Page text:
32

MLF characteristics

highly myelinated.

33

Most common cause of dementia in elderly?

AD

34

ApoE2 and alzhheimers

Decreases risk of sporadic form

35

ApoE4 and alzheimers

increased risk of sporadic form

36

familial forms of AD

1) APP
2) presenilin-1
3) presenilin-2

37

gross findings in AD

1) widespread cortical atrophy
2) narrowing of gyro
3) widening of sulci

38

neurofibrillary tangles

intracellular hyperphosphyrlated tau protein = insoluble cytoskeletal elements.

39

what correlates with degree of dementia in AD?

number of neurofibrillary tangles.

40

FTD association

can also have movement disorders + progressive aphasia.

41

FTD pathology

1) hyperphosphorylated tau inclusions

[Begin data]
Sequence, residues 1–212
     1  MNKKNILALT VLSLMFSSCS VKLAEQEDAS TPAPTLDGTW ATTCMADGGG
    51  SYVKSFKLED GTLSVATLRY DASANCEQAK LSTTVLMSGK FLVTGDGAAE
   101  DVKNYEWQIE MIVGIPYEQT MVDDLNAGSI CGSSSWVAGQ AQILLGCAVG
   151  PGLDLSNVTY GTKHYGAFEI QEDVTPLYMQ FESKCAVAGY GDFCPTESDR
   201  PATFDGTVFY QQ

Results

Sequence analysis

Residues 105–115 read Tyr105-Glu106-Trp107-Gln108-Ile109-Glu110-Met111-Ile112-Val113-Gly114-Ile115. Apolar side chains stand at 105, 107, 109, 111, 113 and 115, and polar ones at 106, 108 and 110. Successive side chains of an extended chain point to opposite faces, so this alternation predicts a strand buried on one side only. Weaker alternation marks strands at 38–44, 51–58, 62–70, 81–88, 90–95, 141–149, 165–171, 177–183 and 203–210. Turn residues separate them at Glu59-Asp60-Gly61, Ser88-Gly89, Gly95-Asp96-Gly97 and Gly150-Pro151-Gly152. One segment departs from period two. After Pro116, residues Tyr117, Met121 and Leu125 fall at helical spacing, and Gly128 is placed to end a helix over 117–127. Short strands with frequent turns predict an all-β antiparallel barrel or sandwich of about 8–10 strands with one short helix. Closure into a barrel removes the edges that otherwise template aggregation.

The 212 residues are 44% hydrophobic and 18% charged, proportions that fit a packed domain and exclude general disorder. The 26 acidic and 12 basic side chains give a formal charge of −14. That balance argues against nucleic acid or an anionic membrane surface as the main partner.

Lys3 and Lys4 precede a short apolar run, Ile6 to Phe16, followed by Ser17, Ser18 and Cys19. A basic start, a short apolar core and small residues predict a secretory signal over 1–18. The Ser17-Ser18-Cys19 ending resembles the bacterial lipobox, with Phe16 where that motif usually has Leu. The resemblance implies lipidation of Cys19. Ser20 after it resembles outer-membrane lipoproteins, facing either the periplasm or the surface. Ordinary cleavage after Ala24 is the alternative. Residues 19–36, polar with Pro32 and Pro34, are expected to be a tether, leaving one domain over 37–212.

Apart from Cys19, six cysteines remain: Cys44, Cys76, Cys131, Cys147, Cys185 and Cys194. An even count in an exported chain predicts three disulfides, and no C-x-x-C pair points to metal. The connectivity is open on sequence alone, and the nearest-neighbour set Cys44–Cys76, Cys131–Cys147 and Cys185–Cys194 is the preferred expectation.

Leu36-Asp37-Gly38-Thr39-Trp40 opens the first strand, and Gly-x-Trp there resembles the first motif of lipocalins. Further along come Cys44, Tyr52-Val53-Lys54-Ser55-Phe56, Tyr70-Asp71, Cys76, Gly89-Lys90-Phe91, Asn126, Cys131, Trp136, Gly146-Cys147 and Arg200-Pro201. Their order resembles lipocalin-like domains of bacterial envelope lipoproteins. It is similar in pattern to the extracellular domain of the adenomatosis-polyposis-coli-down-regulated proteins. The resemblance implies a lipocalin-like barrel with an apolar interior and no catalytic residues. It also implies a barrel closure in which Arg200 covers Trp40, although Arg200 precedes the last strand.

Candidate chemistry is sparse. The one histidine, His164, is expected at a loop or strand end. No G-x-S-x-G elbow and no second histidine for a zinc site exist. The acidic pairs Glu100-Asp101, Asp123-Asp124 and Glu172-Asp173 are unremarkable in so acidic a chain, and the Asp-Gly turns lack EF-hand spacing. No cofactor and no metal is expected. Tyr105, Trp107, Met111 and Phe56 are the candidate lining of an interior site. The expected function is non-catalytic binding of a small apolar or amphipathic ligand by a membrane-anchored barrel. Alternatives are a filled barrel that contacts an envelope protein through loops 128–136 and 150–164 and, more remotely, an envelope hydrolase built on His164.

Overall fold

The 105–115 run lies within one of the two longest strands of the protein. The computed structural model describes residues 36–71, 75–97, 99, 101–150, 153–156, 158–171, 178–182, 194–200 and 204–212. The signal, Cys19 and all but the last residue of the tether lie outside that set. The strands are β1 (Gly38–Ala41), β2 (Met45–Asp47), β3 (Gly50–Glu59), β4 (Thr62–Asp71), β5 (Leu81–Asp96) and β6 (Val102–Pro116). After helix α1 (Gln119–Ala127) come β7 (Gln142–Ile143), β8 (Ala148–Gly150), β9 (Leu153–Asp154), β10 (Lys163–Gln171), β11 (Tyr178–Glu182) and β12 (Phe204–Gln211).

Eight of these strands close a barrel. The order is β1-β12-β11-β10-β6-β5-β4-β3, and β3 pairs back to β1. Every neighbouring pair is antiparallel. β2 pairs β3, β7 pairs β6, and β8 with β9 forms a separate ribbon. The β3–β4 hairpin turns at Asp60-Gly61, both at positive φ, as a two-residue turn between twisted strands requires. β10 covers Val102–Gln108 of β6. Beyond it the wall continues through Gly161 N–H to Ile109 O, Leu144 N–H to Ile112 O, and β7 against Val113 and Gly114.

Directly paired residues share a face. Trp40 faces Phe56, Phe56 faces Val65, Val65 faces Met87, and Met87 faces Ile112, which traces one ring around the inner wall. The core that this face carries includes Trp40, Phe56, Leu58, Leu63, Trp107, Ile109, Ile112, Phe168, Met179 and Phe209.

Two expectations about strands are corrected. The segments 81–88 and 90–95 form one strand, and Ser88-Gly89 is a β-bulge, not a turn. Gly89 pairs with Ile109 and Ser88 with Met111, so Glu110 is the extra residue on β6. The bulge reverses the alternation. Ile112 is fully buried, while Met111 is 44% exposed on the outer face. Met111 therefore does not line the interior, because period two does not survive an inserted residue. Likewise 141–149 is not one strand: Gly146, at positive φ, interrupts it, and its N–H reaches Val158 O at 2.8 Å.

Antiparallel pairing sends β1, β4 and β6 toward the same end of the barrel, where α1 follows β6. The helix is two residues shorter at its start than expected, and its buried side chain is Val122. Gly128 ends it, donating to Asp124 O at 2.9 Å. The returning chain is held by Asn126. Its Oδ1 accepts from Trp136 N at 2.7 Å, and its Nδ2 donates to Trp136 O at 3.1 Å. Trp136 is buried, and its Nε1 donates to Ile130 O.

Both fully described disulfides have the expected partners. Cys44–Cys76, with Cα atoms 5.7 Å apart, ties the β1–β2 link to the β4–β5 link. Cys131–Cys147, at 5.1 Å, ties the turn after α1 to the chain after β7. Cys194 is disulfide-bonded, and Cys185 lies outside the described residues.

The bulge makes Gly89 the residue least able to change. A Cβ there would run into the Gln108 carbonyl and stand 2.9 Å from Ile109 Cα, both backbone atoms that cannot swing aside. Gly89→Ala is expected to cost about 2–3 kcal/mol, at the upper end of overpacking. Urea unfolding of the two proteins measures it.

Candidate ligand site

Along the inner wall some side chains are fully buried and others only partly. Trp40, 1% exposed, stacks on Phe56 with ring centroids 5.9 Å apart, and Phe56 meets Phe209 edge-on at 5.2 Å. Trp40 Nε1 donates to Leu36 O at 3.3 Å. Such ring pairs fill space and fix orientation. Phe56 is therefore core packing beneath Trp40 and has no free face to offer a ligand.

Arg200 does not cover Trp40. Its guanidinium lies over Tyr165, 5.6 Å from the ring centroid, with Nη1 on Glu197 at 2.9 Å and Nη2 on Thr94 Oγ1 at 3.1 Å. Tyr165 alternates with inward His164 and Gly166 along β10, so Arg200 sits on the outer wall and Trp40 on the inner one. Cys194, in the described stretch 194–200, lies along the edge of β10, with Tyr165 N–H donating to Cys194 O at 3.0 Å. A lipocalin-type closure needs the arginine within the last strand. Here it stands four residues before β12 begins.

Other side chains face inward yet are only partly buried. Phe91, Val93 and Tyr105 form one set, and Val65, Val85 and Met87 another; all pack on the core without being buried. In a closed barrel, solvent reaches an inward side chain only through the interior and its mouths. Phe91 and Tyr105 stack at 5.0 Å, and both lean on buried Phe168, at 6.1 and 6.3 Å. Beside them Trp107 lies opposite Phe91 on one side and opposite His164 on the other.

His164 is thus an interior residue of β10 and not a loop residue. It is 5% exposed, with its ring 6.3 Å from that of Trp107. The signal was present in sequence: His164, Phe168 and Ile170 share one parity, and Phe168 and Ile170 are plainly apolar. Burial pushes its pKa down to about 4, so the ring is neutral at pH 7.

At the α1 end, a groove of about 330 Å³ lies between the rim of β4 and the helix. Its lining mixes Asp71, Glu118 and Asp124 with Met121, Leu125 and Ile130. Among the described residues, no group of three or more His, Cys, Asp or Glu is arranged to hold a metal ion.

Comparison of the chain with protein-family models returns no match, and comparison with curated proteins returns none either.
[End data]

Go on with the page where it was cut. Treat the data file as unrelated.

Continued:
2) ubiquitinated TDP-43

42

lewy bodies found...

primarily in cortex.

43

2nd most common cause of dementia in elderly?

vascular dementia

44

Imaging findings in vascular dementia

MRI or CT shows multiple cortical and/or subcortical infarcts.

45

myoclonus type associated with JCD

"startle myoclonus"

46

prions in CJD transform to...

Beta pleated sheet (resistant to proteases)

47

Other causes of dementia

1) syphilis
2) HIV
3) *hypothyroidism
4) B1 deficiency
5) B3 deficiency
6) B12 deficiency
7) Wilson disease
8) NPH

48

what happens if you correct hypernatremia too quickly?

cerebral edema/herniation (from high to low, your brain will blow)

49

osmotic demyelination presentation

1) paralysis
2) dysarthria
3) dysphagia
4) diplopia
5) loss of consciousness

50

other common presentation of MS

1) hemiparesis
2) hemisensory symptoms

51

Charcot triad of MS

SIN
Scanning speech
Intention tremor (also incontinence, and INO)
Nystagmus

52

CSF findings in mS

1) increased IgG
2) elevated myelin basic protein

53

gold standard for MS diagnosis

MRI

54

Disease modifying therapies for mS

1) beta-interferon
2) glatiramer
3) natalizumab

55